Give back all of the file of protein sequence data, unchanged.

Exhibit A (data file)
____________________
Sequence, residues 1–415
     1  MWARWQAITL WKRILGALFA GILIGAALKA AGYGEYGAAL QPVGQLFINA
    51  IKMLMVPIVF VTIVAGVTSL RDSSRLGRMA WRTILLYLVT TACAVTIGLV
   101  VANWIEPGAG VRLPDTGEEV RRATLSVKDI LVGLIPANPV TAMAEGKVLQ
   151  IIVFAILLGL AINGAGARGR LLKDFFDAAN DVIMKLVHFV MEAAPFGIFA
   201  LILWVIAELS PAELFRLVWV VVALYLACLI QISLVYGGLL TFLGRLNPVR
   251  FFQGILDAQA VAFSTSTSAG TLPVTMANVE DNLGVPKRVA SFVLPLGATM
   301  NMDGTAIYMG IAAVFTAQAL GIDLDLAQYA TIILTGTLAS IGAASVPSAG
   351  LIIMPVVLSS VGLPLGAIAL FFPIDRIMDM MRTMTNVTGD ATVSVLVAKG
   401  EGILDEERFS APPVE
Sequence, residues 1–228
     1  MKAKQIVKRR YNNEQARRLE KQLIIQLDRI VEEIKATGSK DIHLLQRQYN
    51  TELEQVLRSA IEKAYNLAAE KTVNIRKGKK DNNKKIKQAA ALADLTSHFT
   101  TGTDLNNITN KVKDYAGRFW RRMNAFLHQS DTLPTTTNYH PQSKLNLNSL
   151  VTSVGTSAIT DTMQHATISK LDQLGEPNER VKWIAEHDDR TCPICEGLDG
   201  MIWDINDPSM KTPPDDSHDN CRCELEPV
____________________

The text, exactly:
Sequence, residues 1–415
     1  MWARWQAITL WKRILGALFA GILIGAALKA AGYGEYGAAL QPVGQLFINA
    51  IKMLMVPIVF VTIVAGVTSL RDSSRLGRMA WRTILLYLVT TACAVTIGLV
   101  VANWIEPGAG VRLPDTGEEV RRATLSVKDI LVGLIPANPV TAMAEGKVLQ
   151  IIVFAILLGL AINGAGARGR LLKDFFDAAN DVIMKLVHFV MEAAPFGIFA
   201  LILWVIAELS PAELFRLVWV VVALYLACLI QISLVYGGLL TFLGRLNPVR
   251  FFQGILDAQA VAFSTSTSAG TLPVTMANVE DNLGVPKRVA SFVLPLGATM
   301  NMDGTAIYMG IAAVFTAQAL GIDLDLAQYA TIILTGTLAS IGAASVPSAG
   351  LIIMPVVLSS VGLPLGAIAL FFPIDRIMDM MRTMTNVTGD ATVSVLVAKG
   401  EGILDEERFS APPVE
Sequence, residues 1–228
     1  MKAKQIVKRR YNNEQARRLE KQLIIQLDRI VEEIKATGSK DIHLLQRQYN
    51  TELEQVLRSA IEKAYNLAAE KTVNIRKGKK DNNKKIKQAA ALADLTSHFT
   101  TGTDLNNITN KVKDYAGRFW RRMNAFLHQS DTLPTTTNYH PQSKLNLNSL
   151  VTSVGTSAIT DTMQHATISK LDQLGEPNER VKWIAEHDDR TCPICEGLDG
   201  MIWDINDPSM KTPPDDSHDN CRCELEPV